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Showing posts from April, 2021

Carrot Muffins with Cream Cheese Frosting

These keto-friendly spiced carrot muffins are moist and tender – and topped with a delicious cream cheese frosting. Prep Time:  15 Minutes Cook Time:  20 Minutes Yield: 12 Muffins Ingredients: Muffins: 2 1/4 cups almond flour 1/4 cup coconut flour 1/4 cup All-Purpose Bakeable Blend Stevia Sweetener 2 tsp baking powder 1/2 tsp baking soda 1/2 tsp ground cinnamon 1/4 tsp ground nutmeg 1/4 tsp salt Pinch ground cloves 3 eggs 1/2 cup unsweetened almond milk 1/3 cup coconut oil, melted and cooled 1 tsp orange zest 1 tsp vanilla extract 1/2 cup packed shredded carrots 1/2 cup chopped pecans Frosting: 8 oz plain brick-style cream cheese 2 tbsp unsalted butter, at room temperature 1/2 cup Pyure Organic Confectioners Stevia Blend 1 tsp vanilla extract Instructions: Muffins:  Preheat oven to 350°F. Line 12 muffin cups with paper liners; set aside. In a large bowl, whisk together almond flour, coconut flour, All-Purpose Bakeable Blend, baking powder, baking soda, cinnamon, nutmeg, salt, and clove

Online Grocery Sales Return to Record Highs in March (Up 43% Compared to Last Year)

  by KRISHNA THAKKER American consumers continue to embrace online grocery shopping with open arms after the coronavirus pandemic changed the way we shop, live, and work. According to a recent survey from Brick Meets Click and Mercatus reported on by Grocery Dive, online grocery sales in the U.S. rose $1.3 billion to $9.3 billion in March after a dip in sales in February. Compared to last year, online sales grew 43% in March.  The survey also found that 69.3 million households placed one or more online orders in March, compared to 74.5 million households last March when the pandemic first started and restrictions first went into effect. This shows that even as things are opening back up, grocery e-commerce is still going strong.  Pickup orders are up 12% and delivery orders are up 23% compared to last March. The survey shows that pickup is the dominant way today’s online grocery orders in the U.S. are received. Grocers have tapped into this trend by building out stronger pickup service

American Honey Contains Radioactive Fallout from Atomic Bombs (But Seriously Don't Worry About It)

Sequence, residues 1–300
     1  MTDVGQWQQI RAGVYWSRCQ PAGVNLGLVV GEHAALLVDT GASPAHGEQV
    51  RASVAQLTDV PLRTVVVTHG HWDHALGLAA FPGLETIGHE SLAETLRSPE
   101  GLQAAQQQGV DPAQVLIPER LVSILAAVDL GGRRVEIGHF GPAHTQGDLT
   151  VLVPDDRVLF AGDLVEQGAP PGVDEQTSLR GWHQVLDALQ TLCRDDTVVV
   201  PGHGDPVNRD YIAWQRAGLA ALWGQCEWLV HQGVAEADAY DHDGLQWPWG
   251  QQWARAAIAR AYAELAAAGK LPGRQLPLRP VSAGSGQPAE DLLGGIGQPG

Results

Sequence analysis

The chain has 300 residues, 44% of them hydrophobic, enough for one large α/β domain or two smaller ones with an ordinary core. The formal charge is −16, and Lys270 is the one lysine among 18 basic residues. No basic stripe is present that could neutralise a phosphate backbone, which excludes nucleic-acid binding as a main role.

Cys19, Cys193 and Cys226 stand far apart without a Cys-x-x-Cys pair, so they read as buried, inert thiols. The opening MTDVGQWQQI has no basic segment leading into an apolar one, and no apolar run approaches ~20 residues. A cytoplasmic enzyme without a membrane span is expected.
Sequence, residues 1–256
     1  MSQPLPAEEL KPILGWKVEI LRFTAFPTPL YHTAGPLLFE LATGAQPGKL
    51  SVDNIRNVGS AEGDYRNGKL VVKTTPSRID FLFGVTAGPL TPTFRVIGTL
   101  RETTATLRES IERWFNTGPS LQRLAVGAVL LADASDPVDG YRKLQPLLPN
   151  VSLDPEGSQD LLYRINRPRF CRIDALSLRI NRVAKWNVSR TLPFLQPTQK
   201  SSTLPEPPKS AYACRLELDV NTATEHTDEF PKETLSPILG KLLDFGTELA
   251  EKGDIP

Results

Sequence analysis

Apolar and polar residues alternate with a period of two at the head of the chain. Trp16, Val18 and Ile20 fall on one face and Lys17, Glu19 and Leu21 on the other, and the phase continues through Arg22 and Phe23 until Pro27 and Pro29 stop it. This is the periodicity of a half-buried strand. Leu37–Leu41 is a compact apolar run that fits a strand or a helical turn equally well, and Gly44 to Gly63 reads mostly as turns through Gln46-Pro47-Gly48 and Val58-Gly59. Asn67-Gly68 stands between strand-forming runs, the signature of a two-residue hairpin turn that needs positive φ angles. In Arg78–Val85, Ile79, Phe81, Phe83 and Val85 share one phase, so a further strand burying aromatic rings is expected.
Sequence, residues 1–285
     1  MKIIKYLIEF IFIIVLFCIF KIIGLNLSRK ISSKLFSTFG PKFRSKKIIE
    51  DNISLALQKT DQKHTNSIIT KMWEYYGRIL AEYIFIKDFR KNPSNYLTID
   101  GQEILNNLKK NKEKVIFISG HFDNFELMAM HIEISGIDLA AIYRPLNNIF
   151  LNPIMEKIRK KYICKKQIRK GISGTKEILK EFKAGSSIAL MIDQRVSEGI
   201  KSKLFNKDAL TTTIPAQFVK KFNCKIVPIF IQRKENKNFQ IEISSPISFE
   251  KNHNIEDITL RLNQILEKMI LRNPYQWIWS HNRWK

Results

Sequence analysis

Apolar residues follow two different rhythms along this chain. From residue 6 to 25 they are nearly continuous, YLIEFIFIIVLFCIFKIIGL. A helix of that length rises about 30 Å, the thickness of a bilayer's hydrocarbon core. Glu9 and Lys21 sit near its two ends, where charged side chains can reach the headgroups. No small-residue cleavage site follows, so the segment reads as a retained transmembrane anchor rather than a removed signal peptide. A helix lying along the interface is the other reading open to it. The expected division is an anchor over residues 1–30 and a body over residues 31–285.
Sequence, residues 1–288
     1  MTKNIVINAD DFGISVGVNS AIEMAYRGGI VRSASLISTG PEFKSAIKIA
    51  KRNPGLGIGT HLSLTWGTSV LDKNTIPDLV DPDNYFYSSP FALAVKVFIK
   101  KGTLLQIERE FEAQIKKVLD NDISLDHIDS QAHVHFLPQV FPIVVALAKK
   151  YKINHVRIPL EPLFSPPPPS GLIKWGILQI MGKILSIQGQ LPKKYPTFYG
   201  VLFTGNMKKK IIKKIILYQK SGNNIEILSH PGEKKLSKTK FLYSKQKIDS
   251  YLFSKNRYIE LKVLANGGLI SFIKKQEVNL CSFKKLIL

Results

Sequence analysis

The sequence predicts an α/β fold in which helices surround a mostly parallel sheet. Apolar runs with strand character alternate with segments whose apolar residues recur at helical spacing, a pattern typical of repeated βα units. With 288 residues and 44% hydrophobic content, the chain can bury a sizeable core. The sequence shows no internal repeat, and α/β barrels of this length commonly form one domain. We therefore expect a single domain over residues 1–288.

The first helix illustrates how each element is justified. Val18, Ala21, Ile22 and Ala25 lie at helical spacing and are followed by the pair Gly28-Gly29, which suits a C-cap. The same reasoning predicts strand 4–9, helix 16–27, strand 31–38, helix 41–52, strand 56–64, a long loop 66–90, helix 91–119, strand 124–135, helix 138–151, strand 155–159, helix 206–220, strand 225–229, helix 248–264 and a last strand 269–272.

New research demonstrates the unexpected ways "legacy pollutants" can work their way through the environment. By  Mike Pomranz   April 23, 2021 Sometimes the ways in which decisions made by previous generations still affect us today are obvious: In the 1950s, America approved the Interstate Highway System and we still drive on it now. But other repercussions aren't as readily apparent. The 1950s also saw an uptick in nuclear weapons testing and, unsettlingly enough, traces of the fallout from that era can still be found today in jars of honey. "I'm not trying to tell people they shouldn't eat honey. I feed my kids honey," stressed Jim Kaste, an associate professor at William & Mary's Department of Geology and co-author of the recent study, announcing the findings. "I eat more honey now than I did when I started this project." Instead, the paper—published in the journal  Nature Communications —is intended to demonstrate the long-lastin

American Tiramisu "Cheesecake" Recipe

  1 (8 ounce/225g) package cream cheese 1 (3.4 ounce/96g) box instant French Vanilla pudding mix 1 1/2 cups/375ml  milk 1 (8 ounce/225g) container Cool Whip, thawed 1 package crispy biscotti lady fingers 2 cups/500ml cooled strong brewed coffee* 1/4 cup/60ml dark cocoa powder Beat the cream cheese until creamy. Whisk together the pudding and milk. Let it set slightly before adding to the cream cheese. Beat until creamy again. Fold in the Cool Whip gently. Dip the lady fingers in the coffee one at a time and place them in the bottom of a 10-inch square baking pan. Once you have the bottom covered in cookies, spread half the cheesecake mixture on top. Repeat with another layer of cookies and top with the rest of the cheesecake. Cover and refrigerate for at least 4 hours. Sprinkle with cocoa powder and cut into 16 squares. *To make this an adult version, use 1 1/2 cups strong coffee and 1/2 cup brandy or Kahlua to dip the cookies in. personal chefs and event catering Miami + Miami Beach +

Whitefish Greek Style Recipe

  4 firm fish fillets ½ cup olive oil ¾ cup lemon juice 1 tsp chopped or whole mint ½ tsp salt 1/8 tsp cayenne pepper ¼ cup Greek olives cut in half Lemon wedges Butter a sheet pan. Blend the olive oil, lemon juice, chopped mint, salt and pepper. Beat with a wire whisk. Place the fillets the sheet pan. Spoon the sauce over each fillet and broil 3-4 minutes per side basting twice. Turn over and repeat for other side. Fish should flake easily at touch of fork. Garnish with olives and lemon wedges. personal chefs and event catering Miami + Miami Beach + Fort Lauderdale + Palm Beach www.yadachef.com info@yadachef.com | 954-367-YADA (9232)

The Ancient Roots of Greek Souvlaki, the World’s First Fast Food